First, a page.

I met with an eminent scientist in the course of my work, and as part of the background research, I checked out his CV (curriculum vitae). His background is substantial, Harvard education and NIH post-doc, but his mentor during his post-doc was Leonard Hayflick. I knew about the Hayflick Limit from grad school, but I had never read the history of the phenomenon. I thought it might make an interesting example of how science is conducted. We’ll come to a definition shortly.
You may be aware that scientists routinely grow human cells in flasks. It’s called cell culture or tissue culture. We’re not talking about an arm or an ear, here. The cells are only visible as a thin layer of translucent material, in the case of cells that adhere to a solid surface, or a slightly grainy slurry, in the case of cells in suspension. We feed these cells, and they are bathed in, a solution containing salts, sugars, amino acids and other essential nutrients. They also sometimes get antibiotics and growth stimulants. Most also receive a healthy dose of serum, extracted from cow blood, in order to provide specialized proteins that stimulate growth. We might say, for example, that our K-562 cells (immortalized cells from a patient with myelogenous leukemia) grow in RPMI1640 (a specific sugar/salt/amino acid solution) supplemented with 10% FBS (fetal bovine serum) plus pen/strep (penicillin/streptomycin) and L-glutamine (needed by some cells, and somewhat unstable in
storage). It looks complicated, but is not much different from a recipe for chicken soup. The flasks containing cells in their growth medium are placed in incubators, usually at 37 C and 5% CO2. Periodically, the medium has to be changed, and if the cells are rapidly growing, they have to be passaged or “split”, removing a fraction of the growing cells, to avoid overgrowth. We guard carefully against introducing infectious agents, since the cells have no immune system and any bacteria or fungus landing in the cell culture medium, loaded as it is with the materials of life, will rapidly overgrow, acidify the solution, and kill the cells.
So those are the very basics of growing mammalian cells in culture. Now we come to the interesting part. If I take a small scraping of your cheek and transfer them to a flask, they will grow for some time, then eventually they’ll stop growing and instead begin dissolving. The number of divisions that occur before this happens is called the Hayflick limit. Initially scientists assumed this was a technical problem with how they were culturing… not enough nutrients, or the introduction of bacteria or fungus pathogens… something was ending the life of the cells.
Some cells, however, could continue to grow almost indefinitely, almost always cancer cells or viral infected cells.
If they split the cells into two flasks, both cultures stopped replicating at about the same time, which made simultaneous infections unlikely.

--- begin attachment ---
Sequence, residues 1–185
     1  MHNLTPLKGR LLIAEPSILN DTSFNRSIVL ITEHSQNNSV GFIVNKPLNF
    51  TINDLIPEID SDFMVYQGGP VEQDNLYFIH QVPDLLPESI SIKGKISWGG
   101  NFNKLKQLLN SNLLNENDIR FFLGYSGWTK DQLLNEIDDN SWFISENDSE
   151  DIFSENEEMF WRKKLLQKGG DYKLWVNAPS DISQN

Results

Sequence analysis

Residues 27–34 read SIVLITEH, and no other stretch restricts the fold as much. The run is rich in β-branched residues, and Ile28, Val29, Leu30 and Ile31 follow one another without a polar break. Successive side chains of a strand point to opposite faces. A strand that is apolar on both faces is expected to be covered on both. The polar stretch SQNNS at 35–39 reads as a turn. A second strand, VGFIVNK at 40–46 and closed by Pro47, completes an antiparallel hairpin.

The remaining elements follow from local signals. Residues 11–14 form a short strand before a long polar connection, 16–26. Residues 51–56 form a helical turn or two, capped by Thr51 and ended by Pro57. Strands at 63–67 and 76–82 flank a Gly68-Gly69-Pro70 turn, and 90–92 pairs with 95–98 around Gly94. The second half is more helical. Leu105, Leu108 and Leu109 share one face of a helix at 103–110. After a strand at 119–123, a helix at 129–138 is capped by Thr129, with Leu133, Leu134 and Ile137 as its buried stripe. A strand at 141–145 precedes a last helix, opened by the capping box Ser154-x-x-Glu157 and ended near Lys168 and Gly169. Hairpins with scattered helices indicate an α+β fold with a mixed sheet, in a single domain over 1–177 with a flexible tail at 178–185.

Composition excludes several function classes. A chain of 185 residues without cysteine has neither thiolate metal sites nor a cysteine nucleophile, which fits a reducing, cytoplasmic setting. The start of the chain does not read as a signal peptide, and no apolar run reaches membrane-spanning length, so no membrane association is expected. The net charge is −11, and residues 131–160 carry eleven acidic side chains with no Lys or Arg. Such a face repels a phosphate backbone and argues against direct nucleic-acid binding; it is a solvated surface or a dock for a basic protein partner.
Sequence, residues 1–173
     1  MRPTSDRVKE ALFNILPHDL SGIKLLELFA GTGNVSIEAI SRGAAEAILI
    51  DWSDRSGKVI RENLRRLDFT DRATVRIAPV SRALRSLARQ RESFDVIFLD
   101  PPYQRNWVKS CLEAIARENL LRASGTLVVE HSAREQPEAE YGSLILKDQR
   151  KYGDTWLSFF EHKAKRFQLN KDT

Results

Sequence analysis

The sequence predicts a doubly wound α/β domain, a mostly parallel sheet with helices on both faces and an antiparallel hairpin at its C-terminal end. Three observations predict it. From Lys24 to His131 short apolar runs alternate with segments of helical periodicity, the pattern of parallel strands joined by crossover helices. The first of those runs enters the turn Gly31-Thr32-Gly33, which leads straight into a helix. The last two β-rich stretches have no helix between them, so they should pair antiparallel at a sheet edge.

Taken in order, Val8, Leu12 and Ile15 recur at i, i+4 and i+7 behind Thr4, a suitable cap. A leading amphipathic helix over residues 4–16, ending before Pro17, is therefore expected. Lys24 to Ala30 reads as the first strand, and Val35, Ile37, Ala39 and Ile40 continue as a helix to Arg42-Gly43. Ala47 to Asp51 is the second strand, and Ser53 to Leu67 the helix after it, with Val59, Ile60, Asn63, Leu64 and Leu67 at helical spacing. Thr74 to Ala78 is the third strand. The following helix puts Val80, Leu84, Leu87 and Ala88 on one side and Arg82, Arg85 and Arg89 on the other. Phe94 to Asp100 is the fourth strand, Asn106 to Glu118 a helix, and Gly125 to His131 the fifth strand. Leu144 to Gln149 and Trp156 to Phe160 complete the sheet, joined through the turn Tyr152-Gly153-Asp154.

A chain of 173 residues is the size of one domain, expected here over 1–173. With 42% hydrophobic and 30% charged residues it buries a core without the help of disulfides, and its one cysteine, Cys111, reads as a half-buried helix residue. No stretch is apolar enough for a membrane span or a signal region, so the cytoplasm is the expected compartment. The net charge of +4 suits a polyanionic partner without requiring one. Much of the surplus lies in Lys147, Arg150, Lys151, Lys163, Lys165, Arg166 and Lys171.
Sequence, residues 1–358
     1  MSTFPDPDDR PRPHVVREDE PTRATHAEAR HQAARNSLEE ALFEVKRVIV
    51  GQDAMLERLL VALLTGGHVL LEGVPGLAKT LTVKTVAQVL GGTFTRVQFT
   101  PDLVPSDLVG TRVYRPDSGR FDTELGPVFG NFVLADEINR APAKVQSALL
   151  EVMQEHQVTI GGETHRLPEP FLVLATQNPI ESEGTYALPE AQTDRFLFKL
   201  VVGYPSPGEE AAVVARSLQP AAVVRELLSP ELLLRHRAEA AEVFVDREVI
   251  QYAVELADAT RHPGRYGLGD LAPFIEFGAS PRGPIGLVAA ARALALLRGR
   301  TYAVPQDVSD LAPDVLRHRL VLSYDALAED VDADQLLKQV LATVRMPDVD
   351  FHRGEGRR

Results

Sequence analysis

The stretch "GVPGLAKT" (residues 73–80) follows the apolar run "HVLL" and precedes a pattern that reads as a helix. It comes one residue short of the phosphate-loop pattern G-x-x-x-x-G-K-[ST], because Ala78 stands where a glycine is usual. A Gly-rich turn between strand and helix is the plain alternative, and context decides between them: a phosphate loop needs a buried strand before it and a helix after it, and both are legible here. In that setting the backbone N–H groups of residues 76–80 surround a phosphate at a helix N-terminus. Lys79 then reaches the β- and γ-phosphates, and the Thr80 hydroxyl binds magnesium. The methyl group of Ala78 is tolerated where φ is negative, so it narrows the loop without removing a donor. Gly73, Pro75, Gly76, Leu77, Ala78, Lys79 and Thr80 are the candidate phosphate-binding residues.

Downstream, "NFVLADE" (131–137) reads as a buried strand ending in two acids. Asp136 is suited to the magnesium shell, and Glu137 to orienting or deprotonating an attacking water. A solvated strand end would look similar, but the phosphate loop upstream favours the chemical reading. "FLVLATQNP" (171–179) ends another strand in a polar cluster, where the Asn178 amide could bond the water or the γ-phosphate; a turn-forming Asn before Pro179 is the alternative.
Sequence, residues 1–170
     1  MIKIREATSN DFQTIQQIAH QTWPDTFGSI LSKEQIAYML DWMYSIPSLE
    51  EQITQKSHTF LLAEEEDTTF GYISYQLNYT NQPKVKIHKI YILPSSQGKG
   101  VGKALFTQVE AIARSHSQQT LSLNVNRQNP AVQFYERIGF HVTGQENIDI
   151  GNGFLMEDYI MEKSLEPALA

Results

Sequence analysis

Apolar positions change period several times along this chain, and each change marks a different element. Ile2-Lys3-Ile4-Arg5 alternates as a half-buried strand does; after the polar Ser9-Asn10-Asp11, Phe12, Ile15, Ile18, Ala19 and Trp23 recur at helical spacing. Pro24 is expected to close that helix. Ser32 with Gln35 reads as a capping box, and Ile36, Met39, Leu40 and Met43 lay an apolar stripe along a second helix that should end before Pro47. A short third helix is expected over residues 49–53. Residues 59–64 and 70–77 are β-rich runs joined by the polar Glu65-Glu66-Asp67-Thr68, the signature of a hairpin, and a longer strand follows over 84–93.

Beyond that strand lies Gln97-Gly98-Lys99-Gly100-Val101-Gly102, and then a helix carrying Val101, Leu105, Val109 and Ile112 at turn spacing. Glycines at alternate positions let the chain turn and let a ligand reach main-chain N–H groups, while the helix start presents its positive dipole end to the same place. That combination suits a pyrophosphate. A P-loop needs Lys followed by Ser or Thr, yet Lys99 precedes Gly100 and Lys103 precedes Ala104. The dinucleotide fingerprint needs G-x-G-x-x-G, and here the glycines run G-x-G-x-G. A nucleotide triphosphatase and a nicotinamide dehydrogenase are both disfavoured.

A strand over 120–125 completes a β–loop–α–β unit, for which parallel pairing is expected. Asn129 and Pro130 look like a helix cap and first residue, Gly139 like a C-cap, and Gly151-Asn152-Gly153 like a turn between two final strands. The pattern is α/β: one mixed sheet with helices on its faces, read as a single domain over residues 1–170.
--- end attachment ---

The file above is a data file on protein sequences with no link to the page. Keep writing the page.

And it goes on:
Cells taken from embryonic tissues lasted much longer than mature cells taken from older patients. Hayflick measured the number of times an embryonic cell could divide. It converged on a value of about 50 divisions. This would later be called the Hayflick limit.
So once the phenomenon was known and the puzzle was well-characterized, a number of hypotheses were advanced to explain the anomalous observation. They focused on the exceptions to the Hayflick limit rules, cells that never stop growing, which we call immortalized cells. These cells were almost universally taken from either cells infected with specific viruses, or from very active cancer cells.
So what do these two conditions have in common? Both had damage to their DNA in certain specific regions that mediated cell division and self-destruct mechanisms. Most cells recognize their genetic damage as a good reason to self-destruct, to undergo apoptosis. These cells no longer had the ability to respond to that self-destruct signal. That alone wouldn’t have been enough, though. They had also acquired an enzyme that was able to add new sequences to the ends of their chromosomes. These sequences are called telomeres.
Telomeres are to the chromosome as the aglet (the little plastic or metal collar) is to the shoelace. The telomere prevents the DNA strand from “unraveling” by providing a long string of very tightly bound base pairs. One of the consequences of copying your DNA is that a little chunk from the very end of each of your 46 chromosomes is lost every time they are copied. When you are a fetus, you have nice long telomeres securing your chromosome ends. As you age, as the result of replicating your DNA, they get shorter. Eventually, they become too short to hold the ends together, and we think that’s why some cells must stop replicating.
Enter telomerase, a cellular enzyme that extends the length again. In my next post, I’ll examine what it does in the cell; whether it can be harnessed to make us essentially immortal, and we’ll examine some of the claims of futurists and anti-aging researchers. We’ll also look at why evolution favors our aging and eventual death, and those rare human genomes that have achieved near immortality.